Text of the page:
From the tone of her latest capitol report, Sen. Luann Ridgeway, R-Smithville, does not appear to be thrilled with Gov. Jay Nixon's State of the State message:
“Government always finds a need for whatever money it gets.”
The big buzz in our State Capitol has centered around the governor’s recent State of the State address. Tis the season for such speeches as the President will deliver the annual State of the Union address this Wednesday, January 27.
Our governor delivered what I would call a “safe” speech—nothing controversial. It also wasn’t really a “State of the State” address as it failed to address the state of our state. So here are some facts about what Missouri is facing:
1. Unemployment: We are facing very high unemployment at about 9.6 percent. This varies
according to the source of the numbers, but is still quite high. It is slightly below the U.S. unemployment rate, which is more than 10 percent.
2. Missouri’s income and expenses: With so many people unemployed, it is not surprising that projected tax revenues are down. Income taxes remain Missouri’s primary source of general revenue. We draft our budget based on projected revenues for next fiscal year (which runs July 1, 2010, through June 30, 2011). Last year Missouri budgeted to spend about $23.1 billion. As of early January, Missouri’s income is down about 10.6 percent.
Revenues have fallen more in the last year than they had in any two-year period since
1981. We have to find waste, fraud and abuse in our expenditures and get rid of it. We also have to get back to funding only core government services. Not every good idea deserves taxpayer support—see the Ronald Reagan quote above
3. Taxes: The good news is that the governor and most all of us serving in the House and Senate have pledged to balance our state budget this year without raising taxes. The bad news is that Missouri’s State Tax Commission (made up of people appointed by the governor) has recommended a change in the way agricultural property is assessed for tax purposes. The net effect could be up to a 29 percent tax increase on agricultural land.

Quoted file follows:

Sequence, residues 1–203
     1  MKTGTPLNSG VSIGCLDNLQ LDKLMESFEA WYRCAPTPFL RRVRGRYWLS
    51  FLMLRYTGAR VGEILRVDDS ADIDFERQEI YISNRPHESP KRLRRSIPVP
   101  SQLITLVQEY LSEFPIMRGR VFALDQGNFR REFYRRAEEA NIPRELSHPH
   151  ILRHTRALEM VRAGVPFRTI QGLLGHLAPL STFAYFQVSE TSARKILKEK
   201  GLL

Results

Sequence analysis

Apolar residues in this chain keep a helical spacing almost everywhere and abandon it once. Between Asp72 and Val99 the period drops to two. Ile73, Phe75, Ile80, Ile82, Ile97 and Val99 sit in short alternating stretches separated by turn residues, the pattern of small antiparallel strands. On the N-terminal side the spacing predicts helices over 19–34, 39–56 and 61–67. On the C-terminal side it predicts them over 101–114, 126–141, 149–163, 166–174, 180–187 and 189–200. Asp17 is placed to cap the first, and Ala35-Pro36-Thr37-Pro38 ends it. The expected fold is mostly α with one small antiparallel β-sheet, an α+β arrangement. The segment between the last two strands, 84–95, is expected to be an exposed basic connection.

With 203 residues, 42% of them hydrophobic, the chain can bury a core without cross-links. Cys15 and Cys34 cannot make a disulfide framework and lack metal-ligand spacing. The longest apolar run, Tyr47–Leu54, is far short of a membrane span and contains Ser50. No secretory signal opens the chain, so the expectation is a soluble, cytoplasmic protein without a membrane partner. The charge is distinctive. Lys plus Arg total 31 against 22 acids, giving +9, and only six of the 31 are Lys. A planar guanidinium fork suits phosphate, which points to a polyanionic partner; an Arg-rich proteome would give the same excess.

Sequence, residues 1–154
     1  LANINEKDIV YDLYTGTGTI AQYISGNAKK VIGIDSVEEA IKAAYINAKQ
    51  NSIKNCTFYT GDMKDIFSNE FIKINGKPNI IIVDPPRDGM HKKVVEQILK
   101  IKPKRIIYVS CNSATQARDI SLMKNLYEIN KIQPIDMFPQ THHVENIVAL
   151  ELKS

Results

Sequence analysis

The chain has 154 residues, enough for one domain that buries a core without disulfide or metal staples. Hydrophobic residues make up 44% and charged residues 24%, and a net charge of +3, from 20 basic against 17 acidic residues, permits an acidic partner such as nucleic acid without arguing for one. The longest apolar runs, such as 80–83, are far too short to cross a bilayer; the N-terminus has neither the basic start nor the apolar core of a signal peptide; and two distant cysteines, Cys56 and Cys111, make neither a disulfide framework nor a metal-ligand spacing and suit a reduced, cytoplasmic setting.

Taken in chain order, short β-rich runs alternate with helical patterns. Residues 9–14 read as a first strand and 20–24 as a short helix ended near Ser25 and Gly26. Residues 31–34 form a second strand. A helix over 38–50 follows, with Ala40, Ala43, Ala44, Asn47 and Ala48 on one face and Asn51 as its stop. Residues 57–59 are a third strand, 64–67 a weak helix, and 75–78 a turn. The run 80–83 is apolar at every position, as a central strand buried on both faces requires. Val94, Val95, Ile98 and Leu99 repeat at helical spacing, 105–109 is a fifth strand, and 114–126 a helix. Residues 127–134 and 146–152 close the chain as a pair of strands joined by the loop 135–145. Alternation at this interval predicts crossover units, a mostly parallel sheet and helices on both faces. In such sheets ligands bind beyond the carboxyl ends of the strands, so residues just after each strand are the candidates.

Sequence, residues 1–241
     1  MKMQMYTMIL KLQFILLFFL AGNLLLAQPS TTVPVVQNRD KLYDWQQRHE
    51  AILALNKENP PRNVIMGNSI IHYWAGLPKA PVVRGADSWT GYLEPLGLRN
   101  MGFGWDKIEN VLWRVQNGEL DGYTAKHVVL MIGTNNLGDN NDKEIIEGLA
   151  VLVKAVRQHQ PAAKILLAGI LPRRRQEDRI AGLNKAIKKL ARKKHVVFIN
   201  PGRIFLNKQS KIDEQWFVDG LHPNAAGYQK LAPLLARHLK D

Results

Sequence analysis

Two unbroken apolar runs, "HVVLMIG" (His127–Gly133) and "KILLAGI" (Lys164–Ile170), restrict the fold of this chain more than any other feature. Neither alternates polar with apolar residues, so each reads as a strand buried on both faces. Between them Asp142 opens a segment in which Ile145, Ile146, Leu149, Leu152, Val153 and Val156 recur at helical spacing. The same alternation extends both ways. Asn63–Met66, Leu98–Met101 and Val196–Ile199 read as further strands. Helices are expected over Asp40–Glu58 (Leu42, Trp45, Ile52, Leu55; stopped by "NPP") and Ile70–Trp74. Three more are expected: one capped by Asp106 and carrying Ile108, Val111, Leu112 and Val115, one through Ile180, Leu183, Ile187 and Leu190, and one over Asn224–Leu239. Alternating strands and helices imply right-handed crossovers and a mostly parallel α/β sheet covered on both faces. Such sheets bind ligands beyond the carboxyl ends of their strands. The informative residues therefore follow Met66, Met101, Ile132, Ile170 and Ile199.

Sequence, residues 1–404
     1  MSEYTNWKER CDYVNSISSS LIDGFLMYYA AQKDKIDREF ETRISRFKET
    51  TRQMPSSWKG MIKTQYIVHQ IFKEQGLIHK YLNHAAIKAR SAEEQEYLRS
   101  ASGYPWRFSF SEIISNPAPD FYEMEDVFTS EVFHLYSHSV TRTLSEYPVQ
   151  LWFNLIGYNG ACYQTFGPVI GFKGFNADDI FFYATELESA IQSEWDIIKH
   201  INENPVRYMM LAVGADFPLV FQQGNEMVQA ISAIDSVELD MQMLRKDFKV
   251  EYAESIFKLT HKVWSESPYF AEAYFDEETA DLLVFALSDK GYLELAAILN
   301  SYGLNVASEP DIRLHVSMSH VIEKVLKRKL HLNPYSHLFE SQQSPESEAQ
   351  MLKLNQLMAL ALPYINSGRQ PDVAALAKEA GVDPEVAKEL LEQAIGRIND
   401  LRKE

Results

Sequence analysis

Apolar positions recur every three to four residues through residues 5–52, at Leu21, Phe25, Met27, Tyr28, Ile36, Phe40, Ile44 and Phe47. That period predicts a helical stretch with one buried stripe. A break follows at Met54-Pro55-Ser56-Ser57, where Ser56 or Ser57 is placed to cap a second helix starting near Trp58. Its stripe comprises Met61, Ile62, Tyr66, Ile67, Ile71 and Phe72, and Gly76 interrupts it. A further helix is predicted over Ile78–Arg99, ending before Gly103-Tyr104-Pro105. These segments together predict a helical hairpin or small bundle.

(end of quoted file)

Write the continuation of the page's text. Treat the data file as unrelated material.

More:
Further bad news is that the governor has not called upon the commission to withdraw its ruling. This leaves it up to the House and Senate to disapprove this bureaucratic tax increase by passing resolutions to do so. Such resolutions are currently on the fast-track in both the House and Senate. Missouri’s two biggest income-producing industries are agriculture and tourism. In these tough economic times, we must continue to implement tax decreases rather than burden Missourians with tax hikes.
4. Education: The House and Senate leadership continue to support full funding of our K-12 schools according to schedule, which will require about $120 million more this year.
Surprisingly, the governor’s education funding proposals would leave schools under-funded by $87 million. The governor has also cut around $50 million from higher education funding. I do not intend to let these education cuts pass.
5. Health care: The governor was silent with regard to the proposals for government control of our health care system flowing from Washington, DC. It is imperative that states assert their sovereignty on this and many other issues. Washington, DC is trying to micro-manage in areas where it has little to no constitutional right to do so. There has already been a major state sovereignty rally in the Missouri Capitol and the Missouri House has passed a resolution basically telling the federal government to keep out of our health care decisions.
The proposals being tossed around in Washington (at least those that were debated prior to the Massachusetts Senatorial election) would have forced the states to pick up the tab for a massive expansion of the welfare state. I am sponsoring a resolution that would allow the voters of Missouri to decide if they want our tax-sponsored political subdivisions to participate in any “public option” health program—if one is ever passed in Washington, DC.
My bill will be heard by a Senate committee this week. Basically it allows you, as voters and taxpayers, to decide whether our political subdivisions should be allowed to flee from the private insurance market over to a taxpayer-subsidized and government-managed health plan. If government employers fled the private insurance market, it would adversely impact health care choices of government employees, plus would likely cause a near-collapse of our private insurance market for all other people currently insured.
All of us in the Legislature and in the governor’s office will have to work together to pass a balanced budget without raising taxes. Especially at this time, we must continue to reject the bailout mentality that has gripped Washington, DC.
Missouri’s budget is in far better shape than most others in the union because we have held the line on expanding the welfare state, while at the same time reducing taxes. I look forward to the debate on these issues and encourage you to let me know your ideas as well.